Minecraft + Story & Knights
A lot of games have tried to copy the style of Minecraft ever since it became a hit. Some were simply copies while others were trying to do something more or different in the gameplay area. Portal Knights is, fortunately, one example of the second: a game that tries to be something more than just a clone of Minecraft. The developer did this by adding combat and other RPG style features to their game. The end result is something that feels quite original.
While the game takes a lot of inspiration from Minecraft, one of its biggest difference is that it actually has a story. The story is simple but enough for the game to work. In Portal Knights, your objective is to travel from island to island to restore the world that was torn apart by an event called The Fracture. During your quest, you’ll encounter several NPC characters which will share you a bit more details about the world of the game. Besides that, there’s not much to talk about the story, like I said.
Controlling the game feels responsive and fine. Portal Knights features both 1st person view and 3rd person view. The basics of building are clearly inspired by Minecraft but adds it’s own touch with a good focus on combat. That side works similar to an RPG, your character can be leveled up and there’s a skill tree which you can easily switch at any time. There’s also skill points that you get with each level which you can use to make your character stronger in either speed, physical power, defense, and other usual RPG aspects. To get new weapons and armor, though, you need to go back to the crafting side of the game and get the materials and make the item on your own. Also, not everything is available to craft by default, so you’ll need to explore carefully each island you visit to find special scrolls so that you can unlock additional recipes to make even more items.
As previously mentioned the game has a story and is divided into levels and worlds. Each level is made by small islands where you can complete quests or play around in it building things. There’s always a central island where you’ll spend most of the time and a few smaller stray pieces of land that you can still reach. To progress to the next level, you need to find the broken portal doors and repair them, which will then let you travel to another piece of islands. Just finding and repairing the portal doors is simple and easy but traveling and exploring the level won’t be as simple since you’ll encounter several enemies that vary depending on the type of level. As you progress through the game, the enemies you encounter will become harder, forcing you to get stronger equipment and leveling up more. This happens in a natural way, though, so you’ll probably always find that the enemies aren’t too strong or too weak.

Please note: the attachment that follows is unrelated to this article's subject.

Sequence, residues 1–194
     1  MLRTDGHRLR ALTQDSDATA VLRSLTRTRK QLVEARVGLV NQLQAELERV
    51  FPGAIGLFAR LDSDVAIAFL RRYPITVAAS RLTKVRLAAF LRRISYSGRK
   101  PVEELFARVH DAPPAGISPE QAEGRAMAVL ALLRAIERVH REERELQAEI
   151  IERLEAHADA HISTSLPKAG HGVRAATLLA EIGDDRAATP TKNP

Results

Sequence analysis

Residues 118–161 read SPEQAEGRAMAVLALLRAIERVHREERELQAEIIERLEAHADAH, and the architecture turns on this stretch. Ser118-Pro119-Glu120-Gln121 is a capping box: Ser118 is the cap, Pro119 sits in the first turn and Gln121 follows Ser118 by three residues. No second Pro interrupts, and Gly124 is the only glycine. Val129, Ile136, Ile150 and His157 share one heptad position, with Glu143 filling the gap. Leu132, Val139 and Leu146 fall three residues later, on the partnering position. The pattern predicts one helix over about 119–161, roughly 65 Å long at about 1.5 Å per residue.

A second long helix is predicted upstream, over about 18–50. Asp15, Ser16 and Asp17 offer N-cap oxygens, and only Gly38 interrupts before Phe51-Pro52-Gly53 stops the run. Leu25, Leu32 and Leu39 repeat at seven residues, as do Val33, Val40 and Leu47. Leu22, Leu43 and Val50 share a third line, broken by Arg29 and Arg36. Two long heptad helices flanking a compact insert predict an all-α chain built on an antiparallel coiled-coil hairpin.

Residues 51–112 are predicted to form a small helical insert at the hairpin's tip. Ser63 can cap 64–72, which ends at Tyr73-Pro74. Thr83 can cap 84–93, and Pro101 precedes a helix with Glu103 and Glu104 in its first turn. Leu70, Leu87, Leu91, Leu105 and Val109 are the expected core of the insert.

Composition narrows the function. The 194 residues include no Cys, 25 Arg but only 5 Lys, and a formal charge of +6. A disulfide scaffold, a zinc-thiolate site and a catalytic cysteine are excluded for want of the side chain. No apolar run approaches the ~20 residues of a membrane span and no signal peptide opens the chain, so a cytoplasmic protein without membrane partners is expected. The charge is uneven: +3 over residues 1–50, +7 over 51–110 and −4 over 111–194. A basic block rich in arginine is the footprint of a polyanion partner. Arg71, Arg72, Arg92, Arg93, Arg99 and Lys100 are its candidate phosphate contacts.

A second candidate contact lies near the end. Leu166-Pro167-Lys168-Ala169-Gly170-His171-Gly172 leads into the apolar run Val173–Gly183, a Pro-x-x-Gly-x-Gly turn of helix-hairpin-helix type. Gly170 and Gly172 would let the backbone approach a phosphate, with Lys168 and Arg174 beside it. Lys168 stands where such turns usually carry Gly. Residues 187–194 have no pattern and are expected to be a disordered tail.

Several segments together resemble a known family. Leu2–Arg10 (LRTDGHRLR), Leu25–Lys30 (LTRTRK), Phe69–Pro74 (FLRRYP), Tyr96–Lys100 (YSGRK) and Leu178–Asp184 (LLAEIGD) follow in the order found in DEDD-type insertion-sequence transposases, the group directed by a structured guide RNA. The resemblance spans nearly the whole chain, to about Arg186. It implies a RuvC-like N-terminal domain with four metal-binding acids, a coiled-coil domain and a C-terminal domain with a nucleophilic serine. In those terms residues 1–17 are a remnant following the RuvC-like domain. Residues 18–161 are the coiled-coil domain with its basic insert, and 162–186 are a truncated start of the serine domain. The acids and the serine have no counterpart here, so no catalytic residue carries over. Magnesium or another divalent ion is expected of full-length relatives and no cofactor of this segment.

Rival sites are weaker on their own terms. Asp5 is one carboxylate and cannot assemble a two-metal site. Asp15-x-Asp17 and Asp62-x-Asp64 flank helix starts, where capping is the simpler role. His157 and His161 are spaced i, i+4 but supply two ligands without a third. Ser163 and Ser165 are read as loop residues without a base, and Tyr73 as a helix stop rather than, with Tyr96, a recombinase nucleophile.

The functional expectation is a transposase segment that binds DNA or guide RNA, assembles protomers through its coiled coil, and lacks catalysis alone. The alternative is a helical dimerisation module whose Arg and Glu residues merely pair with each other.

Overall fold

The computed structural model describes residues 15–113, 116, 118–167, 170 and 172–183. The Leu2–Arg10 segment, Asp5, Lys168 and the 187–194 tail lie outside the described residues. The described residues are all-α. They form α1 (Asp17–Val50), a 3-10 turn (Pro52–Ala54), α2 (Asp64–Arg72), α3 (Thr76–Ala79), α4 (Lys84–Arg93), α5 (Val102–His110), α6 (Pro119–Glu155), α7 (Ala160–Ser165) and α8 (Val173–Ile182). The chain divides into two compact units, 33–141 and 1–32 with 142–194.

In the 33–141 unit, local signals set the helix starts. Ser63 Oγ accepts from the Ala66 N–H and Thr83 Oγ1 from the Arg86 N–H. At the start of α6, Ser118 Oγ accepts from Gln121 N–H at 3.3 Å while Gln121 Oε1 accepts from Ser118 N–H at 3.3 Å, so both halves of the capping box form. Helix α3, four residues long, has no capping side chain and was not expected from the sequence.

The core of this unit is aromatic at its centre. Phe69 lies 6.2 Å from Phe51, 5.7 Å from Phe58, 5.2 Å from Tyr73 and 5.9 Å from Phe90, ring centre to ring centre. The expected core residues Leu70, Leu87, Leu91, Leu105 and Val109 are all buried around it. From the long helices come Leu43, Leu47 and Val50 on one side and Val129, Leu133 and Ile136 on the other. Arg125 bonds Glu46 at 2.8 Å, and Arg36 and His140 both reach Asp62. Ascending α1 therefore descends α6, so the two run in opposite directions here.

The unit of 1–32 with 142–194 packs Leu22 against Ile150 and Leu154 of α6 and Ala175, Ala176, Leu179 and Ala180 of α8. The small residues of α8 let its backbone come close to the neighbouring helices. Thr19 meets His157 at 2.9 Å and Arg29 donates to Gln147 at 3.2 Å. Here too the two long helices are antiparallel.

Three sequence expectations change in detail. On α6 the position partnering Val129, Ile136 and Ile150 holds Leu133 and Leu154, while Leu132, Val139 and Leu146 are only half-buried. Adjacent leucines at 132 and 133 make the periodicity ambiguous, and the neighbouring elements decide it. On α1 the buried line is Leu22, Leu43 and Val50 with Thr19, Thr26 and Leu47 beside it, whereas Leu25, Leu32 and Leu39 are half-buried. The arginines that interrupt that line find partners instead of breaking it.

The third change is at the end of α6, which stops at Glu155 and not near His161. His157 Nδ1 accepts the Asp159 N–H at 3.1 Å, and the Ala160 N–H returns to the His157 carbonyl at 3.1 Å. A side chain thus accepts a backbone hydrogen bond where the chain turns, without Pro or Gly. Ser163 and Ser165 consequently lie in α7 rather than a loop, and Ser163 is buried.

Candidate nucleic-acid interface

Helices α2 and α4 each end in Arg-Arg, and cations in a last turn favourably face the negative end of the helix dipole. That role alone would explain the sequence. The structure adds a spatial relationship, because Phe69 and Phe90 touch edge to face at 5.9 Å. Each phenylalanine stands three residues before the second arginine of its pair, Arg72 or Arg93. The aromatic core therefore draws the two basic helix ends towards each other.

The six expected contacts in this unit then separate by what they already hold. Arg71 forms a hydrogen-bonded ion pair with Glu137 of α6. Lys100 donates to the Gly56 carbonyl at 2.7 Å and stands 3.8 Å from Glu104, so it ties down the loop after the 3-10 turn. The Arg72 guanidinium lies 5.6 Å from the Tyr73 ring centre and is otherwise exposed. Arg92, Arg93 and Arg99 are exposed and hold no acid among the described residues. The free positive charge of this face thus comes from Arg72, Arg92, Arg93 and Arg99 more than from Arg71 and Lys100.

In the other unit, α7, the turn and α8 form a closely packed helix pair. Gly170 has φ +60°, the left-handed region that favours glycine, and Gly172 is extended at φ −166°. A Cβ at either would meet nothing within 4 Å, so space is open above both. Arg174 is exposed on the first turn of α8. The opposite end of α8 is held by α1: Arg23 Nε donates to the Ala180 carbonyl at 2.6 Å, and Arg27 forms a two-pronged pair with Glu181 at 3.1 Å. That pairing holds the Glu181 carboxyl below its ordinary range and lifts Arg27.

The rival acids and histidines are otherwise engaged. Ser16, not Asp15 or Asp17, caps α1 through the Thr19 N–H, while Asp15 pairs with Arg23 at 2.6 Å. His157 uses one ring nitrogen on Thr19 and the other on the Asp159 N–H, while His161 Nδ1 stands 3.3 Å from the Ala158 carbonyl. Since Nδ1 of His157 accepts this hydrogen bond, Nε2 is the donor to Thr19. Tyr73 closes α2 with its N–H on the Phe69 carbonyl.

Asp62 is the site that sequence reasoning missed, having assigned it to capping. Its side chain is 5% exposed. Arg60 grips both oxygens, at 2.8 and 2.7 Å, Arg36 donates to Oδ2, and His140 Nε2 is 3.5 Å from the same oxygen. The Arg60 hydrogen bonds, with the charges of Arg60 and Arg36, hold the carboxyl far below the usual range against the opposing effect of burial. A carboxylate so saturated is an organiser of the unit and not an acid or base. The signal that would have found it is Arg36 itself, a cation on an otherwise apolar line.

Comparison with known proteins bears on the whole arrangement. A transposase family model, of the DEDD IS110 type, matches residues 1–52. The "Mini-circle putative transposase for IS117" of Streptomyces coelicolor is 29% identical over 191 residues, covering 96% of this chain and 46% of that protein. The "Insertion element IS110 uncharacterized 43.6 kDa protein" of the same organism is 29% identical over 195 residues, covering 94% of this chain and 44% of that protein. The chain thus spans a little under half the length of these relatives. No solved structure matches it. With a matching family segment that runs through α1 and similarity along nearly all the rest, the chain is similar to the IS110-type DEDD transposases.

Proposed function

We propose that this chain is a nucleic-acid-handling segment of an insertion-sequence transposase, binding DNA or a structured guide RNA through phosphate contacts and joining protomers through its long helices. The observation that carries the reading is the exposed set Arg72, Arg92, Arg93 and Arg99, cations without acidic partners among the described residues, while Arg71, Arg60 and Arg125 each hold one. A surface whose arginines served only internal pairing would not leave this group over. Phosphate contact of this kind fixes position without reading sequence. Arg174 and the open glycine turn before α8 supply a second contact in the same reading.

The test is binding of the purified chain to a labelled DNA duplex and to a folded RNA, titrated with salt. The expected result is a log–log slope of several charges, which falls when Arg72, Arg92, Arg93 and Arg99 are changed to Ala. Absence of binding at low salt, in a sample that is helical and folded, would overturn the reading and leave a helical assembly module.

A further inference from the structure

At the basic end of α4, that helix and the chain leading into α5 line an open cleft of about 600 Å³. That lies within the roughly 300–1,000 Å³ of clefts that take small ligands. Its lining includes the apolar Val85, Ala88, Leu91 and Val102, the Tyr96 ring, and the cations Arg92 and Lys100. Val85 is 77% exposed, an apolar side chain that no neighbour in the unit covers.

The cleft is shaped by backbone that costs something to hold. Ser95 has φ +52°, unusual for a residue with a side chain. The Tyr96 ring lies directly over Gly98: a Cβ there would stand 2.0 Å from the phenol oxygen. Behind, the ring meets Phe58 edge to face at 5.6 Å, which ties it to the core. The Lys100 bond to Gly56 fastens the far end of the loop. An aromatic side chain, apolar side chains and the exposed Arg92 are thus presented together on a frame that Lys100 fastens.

Since the levels are divided into worlds, the final level of each world is also a boss level. In these levels, your only objective is to defeat the boss. You can’t even modify the area in these stages. The fights make the game more interesting as it brings focus to the combat aspect instead of the usual exploring. Each boss battle also has different strategies to clear them, which make them feel unique. The only problem here would be that there aren’t that many bosses to fight in the game.
Besides the usual levels with story, there’s also a way to unlock completely empty pieces of land with the type of setting that you choose. These are places where you can get completely creative since there are no enemies to bother you at all and the locations aren’t small islands but a huge piece of land.
The game also features a multiplayer mode that you can either play on the same console, through local LAN play, or online. While, unfortunately, I wasn’t able to play online due to always getting an error when trying to enter that mode, playing the game in multiplayer is definitely the most recommended way to play it since playing alone can end up feeling tedious and time consuming after a while.
Portal Knights has decent character graphics with a consistent art-style and overall nice environments. The game runs at 30 fps, which is usually consistent while in docked mode. In portable mode, the game does have more frequent frame drops, specially when there are a lot of things going on the screen, even if it’s just a lot of grass. You do have the option to lower the graphic settings of the game, though, which is a welcome addition and can help you get less frame drops.
In the sound area, the music of Portal Knights is decent and works well for the game. It’s nothing special or really memorable but each area has a music that fits well with it. The sound effects are also well done and fit in with the whole game.
System reviewed on: Nintendo Switch.
Disclaimer: A review code for Portal Knights was provided by 505 Games for this review.